James Clezie's rural roots near Pocatello, ID—a lifetime that included years of hunting and fishing—made him a natural to qualify as an expert marksman. In Europe he carried an M-1, and to the day he died, he swore he could recognize that rifle if he was ever lucky enough to run across it again. The rain, mud and snow that typified Europe might have been ideal for the M-1's rugged mechanics, but getting a good purchase on a slick wooden stock was a challenge.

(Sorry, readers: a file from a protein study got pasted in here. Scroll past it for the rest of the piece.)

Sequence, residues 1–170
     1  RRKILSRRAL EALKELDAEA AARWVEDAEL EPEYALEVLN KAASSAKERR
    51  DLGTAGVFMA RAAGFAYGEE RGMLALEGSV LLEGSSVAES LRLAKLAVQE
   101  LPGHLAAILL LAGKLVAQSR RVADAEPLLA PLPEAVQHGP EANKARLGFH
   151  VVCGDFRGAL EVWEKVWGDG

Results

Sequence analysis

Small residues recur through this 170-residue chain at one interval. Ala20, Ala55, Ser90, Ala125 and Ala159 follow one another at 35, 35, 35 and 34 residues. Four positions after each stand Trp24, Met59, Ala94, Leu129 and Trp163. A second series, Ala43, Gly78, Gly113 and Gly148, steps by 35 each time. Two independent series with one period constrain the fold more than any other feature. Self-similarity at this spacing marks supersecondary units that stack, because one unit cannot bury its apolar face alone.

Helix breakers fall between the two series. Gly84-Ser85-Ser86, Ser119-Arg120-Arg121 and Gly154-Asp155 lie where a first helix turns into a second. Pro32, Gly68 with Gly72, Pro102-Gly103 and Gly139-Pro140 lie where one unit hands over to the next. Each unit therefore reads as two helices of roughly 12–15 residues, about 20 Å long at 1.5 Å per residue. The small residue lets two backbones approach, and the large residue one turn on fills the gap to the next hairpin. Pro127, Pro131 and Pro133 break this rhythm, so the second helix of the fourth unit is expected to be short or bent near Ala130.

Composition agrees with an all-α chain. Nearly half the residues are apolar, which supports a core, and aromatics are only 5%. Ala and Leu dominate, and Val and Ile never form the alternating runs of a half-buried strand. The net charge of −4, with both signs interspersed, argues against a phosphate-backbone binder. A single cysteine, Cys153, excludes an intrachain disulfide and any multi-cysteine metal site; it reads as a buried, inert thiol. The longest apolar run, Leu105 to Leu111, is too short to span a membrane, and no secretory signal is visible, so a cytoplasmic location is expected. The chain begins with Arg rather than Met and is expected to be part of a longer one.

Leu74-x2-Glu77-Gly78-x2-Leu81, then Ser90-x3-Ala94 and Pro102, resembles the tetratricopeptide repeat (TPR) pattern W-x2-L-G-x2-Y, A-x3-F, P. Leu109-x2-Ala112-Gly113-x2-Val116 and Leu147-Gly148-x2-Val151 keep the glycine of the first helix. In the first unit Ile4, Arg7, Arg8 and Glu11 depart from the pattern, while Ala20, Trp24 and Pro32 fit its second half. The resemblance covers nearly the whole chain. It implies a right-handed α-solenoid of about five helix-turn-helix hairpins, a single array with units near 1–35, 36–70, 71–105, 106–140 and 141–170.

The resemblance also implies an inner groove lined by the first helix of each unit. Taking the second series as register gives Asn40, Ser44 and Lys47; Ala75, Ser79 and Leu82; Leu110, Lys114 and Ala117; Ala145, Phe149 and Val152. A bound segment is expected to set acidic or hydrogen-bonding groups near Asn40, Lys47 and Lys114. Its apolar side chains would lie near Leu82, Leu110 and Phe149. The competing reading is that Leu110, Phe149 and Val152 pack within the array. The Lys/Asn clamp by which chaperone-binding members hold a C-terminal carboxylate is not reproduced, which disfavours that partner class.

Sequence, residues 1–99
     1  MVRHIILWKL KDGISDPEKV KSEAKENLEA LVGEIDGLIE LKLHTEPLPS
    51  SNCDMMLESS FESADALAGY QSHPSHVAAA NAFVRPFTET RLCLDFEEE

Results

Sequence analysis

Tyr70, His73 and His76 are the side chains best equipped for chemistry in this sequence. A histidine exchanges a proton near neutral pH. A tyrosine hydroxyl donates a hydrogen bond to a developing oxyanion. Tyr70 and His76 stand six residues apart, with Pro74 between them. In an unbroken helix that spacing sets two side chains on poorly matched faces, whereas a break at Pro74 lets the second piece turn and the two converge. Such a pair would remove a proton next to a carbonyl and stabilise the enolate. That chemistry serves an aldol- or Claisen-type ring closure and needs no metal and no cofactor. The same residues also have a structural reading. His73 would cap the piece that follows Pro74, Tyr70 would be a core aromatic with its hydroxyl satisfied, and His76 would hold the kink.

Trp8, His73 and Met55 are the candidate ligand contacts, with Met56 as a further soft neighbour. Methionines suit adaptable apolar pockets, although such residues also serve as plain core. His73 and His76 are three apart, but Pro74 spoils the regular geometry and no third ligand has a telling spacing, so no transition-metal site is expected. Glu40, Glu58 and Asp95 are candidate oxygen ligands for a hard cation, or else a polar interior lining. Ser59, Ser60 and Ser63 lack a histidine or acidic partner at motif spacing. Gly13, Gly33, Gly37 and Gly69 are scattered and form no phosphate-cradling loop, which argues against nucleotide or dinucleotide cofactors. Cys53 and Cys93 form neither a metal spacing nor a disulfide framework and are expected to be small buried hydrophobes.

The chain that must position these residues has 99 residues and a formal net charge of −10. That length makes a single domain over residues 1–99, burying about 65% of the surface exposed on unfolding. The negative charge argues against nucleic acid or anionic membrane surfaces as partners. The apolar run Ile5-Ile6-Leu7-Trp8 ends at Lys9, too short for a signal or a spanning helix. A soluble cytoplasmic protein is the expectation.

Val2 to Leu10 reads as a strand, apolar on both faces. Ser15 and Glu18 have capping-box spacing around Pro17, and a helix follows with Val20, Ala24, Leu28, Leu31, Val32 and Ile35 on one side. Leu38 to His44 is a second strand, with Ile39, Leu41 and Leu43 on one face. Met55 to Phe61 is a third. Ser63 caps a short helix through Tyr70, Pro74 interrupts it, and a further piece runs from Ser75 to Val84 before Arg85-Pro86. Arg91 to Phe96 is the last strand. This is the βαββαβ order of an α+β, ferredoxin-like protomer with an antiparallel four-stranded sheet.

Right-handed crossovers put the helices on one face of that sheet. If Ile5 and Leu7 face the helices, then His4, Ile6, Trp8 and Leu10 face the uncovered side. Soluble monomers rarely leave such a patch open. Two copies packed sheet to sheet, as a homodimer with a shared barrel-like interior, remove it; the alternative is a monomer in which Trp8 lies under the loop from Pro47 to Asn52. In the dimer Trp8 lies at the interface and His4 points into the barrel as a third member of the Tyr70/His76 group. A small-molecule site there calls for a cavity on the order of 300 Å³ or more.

Clezie's answer was simple. He invested his spare time in duplicating the kind of precise checkering—using nothing but his bayonet—he had grown so accustomed to on fine sporting firearms. When he was wounded and pulled out of the line, he'd only finished the work on one side of the rifle, making it, undoubtedly, one of the most unusual-looking rifles wielded during the Battle of the Bulge.
Clezie received the Bronze Star, two Purple Hearts and told his son Lane that for a rural youngster, going to war, "...was really something else, having the U.S. taxpayers sponsor all the G.I.s. Can you imagine, employed, room and board and a paid European vacation? It was great being an American."